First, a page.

Monday, February 14, 2011

MFIs: Market forces muddying the system

Sankar Ray / Kolkata

Success stories are fading away as profit-greedy operators have taken the centre-stage....

Gonuguntla Mariamma was born into a poverty-stricken agricultural labour household in Andhra Pradesh. Her mother died of severe malnutrition when Gonuguntla was eight year-old .She had to drop out of school to look after the household. .Matters worsened when she was married off to a relative with a ten-member household when she was ten. They had two acres of dry land that depended wholly on monsoon. She craved for an alternative for sustenance and approached the local Mahila Mandal (Women's Association) in her neighborhood, learned to sew and bought a sewing machine with micro-credit of Rs 3400 to buy a buffalo and then a seasonal loan of Rs 1700 for grass and fodder. All this helped her keep from an wolf at the door, although one buffalo died. Refusing to be disheartened , she went ahead in her war against poverty and he overcame it. With the help of her husband the dry land is now a small orange orchard. Today Gonuguntla owns four buffaloes, one calf, and 17 goats. She has a telephone and a television. She can sign her name, count money, and read a little.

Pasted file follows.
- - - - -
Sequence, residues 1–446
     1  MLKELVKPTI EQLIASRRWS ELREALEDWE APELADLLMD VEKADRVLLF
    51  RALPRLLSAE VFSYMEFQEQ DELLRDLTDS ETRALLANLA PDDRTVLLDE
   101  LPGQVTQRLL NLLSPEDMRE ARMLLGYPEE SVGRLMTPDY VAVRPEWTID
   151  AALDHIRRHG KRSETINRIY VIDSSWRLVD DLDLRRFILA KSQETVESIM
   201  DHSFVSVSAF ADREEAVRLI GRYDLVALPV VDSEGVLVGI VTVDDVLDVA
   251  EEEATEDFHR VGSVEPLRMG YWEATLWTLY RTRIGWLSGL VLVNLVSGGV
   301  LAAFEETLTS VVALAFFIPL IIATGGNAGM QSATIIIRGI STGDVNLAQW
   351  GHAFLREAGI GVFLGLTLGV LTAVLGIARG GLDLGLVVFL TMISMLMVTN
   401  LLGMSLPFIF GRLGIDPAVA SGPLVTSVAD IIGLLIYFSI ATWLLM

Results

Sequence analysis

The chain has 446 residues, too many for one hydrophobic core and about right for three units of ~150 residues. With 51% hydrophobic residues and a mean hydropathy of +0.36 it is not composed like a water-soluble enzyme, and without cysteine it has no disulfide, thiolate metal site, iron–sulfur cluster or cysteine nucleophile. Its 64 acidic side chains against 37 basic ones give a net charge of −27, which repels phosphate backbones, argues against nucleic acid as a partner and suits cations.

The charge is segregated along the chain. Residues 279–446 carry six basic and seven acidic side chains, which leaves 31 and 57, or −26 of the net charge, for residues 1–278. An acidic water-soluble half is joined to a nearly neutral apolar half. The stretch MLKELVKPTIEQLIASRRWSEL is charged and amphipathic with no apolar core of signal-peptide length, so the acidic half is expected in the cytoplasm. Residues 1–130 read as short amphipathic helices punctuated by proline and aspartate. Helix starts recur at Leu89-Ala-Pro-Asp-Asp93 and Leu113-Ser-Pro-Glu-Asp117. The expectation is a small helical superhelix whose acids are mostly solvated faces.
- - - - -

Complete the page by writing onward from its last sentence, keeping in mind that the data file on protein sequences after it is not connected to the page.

But success stories like Gontugunta’s ’s are fading away as profit-greedy operators posing themselves as welfarists are into the micro-finance arena . . India’s rapidly progressing micro-finance industry is in a grave crisis . The principal reason for this is high rate of interest with an average minimum of 28 per cent per annum. An additional deterrent is hyper-activity of vested political interests in the way of smooth repayment mechanism . Nearly Rs 1700 crores are blocked due to breach in repayment in AP alone. Accusations of coercion against micro-finance operators or loan-recovery agents are true as over 100 loan recipients committed suicide.